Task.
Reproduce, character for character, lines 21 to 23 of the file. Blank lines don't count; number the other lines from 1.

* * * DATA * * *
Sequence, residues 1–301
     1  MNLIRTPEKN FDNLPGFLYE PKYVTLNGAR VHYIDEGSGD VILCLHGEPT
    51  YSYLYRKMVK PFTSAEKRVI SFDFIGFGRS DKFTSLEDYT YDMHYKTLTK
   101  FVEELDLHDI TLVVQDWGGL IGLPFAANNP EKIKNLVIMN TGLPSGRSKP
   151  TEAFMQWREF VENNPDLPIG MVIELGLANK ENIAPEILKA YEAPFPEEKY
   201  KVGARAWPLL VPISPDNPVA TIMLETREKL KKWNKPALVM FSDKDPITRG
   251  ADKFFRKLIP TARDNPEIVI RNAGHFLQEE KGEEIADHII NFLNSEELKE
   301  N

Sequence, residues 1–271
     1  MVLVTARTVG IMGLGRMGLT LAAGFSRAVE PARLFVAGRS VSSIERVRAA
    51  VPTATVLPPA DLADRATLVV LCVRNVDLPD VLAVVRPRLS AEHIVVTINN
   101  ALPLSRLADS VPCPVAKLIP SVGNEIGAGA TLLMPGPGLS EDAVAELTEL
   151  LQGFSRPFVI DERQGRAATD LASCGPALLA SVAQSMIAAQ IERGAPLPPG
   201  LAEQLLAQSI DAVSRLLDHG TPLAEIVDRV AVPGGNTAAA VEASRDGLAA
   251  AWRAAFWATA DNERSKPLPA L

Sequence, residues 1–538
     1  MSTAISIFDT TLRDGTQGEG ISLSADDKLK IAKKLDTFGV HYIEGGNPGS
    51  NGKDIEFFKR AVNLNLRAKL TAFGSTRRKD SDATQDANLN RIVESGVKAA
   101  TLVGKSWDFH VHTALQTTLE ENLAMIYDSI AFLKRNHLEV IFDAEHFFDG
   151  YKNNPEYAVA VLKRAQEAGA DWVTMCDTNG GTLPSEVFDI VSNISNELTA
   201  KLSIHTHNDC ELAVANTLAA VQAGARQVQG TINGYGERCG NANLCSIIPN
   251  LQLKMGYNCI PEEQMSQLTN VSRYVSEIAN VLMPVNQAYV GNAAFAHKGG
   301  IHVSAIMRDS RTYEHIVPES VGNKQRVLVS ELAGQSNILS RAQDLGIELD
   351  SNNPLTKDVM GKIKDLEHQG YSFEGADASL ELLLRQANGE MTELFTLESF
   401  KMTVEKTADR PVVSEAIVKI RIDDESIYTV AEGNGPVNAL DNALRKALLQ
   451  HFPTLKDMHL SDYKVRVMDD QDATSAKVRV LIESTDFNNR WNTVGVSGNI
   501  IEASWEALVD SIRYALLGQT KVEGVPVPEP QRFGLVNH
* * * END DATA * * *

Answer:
   201  KLSIHTHNDC ELAVANTLAA VQAGARQVQG TINGYGERCG NANLCSIIPN
   251  LQLKMGYNCI PEEQMSQLTN VSRYVSEIAN VLMPVNQAYV GNAAFAHKGG
   301  IHVSAIMRDS RTYEHIVPES VGNKQRVLVS ELAGQSNILS RAQDLGIELD